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Hi! My name is Ulrik, and this is my student blog. My posts will be based on tasks and subjects given to the class by my English teacher Ann. I am currently in my third year at Sandvika High School, Norway.

Sunday, May 10, 2015

UK election results

I was originally going to write this post on election day, but suddenly the post was half-finished and time became an issue- so this is instead an after-election post; hope you forgive me Ann!

On Thursday UK held it's breath- who was going to be PM? Would the Conservatives remain in power? could they get rid of the Liberal Democrats? Would Labour once again rule Britain? And the most interesting question if you ask me; how did it work out for UKIP?

On election day I was personally hoping for a new Labour government, since I am not very fond of Cameron. The result however, is as we know a new one-party government under Cameron. His party received 331 seats- against Labour with 232-, which is absolute majority (this means they have no more need for the Liberal Democrats, who won 8 seats). The UKIP received 12% of the votes, but only got one seat- this due to UK's election system which I have written about earlier. The election surprise however is probably the Scottish Nationalist Party; they received 4,7% of UK votes, and won 56 seats. While UKIP received many more votes, they were scattered across the constituencies, the Scottish Nationalist votes were pretty much concentrated in Scotland, securing majority all over the place. Scottish independence might not be so far away as Cameron is hoping, despite the result of last years referendum.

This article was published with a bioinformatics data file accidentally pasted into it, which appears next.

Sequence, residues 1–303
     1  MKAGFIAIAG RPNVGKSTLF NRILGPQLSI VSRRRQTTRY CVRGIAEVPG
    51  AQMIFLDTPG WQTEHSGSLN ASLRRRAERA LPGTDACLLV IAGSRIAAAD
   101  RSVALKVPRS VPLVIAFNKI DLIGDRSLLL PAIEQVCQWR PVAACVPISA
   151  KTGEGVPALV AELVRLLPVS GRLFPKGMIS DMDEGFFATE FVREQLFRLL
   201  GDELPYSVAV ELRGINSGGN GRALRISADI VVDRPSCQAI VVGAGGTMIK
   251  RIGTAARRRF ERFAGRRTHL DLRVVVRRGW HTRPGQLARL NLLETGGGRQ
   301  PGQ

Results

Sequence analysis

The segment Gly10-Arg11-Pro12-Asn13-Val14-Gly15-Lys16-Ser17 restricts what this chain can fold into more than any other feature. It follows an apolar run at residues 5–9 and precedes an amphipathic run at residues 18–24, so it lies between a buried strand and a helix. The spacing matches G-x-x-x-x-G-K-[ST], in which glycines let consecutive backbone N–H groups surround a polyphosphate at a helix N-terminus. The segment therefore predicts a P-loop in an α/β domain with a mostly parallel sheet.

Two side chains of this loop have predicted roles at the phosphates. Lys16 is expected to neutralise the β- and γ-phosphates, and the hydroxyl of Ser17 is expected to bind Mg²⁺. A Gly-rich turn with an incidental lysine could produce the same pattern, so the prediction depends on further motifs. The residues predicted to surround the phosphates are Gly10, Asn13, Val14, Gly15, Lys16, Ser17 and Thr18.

This election was of huge importance not only for UK, but for Europe. On Friday I was at a friends place, and ended up discussing the election with some guys. This one guy was hoping for UKIP ending up with more seats (we did not get along that well), while another guy was hoping for the Green Party to win more seats (they only won one)- a girl who threw herself into the discussion was hoping for Labour to win, even though she was not to fond of their leader Ed Miliband (like many Brits, she believed him not to be radical enough for a Labour PM). My point is that when I can show up at Norwegian gathering, and ending up with a debate on UK politics, you can imagine how it is like in the UK; this election was important on the matter of EU, NATO, environment, immigration, Scottish Independence and lots and lots more. How will UK be like in five new years under Cameron? Only time can tell, but he is a popular man and people do seem to like his politics, so maybe it won't be that bad!

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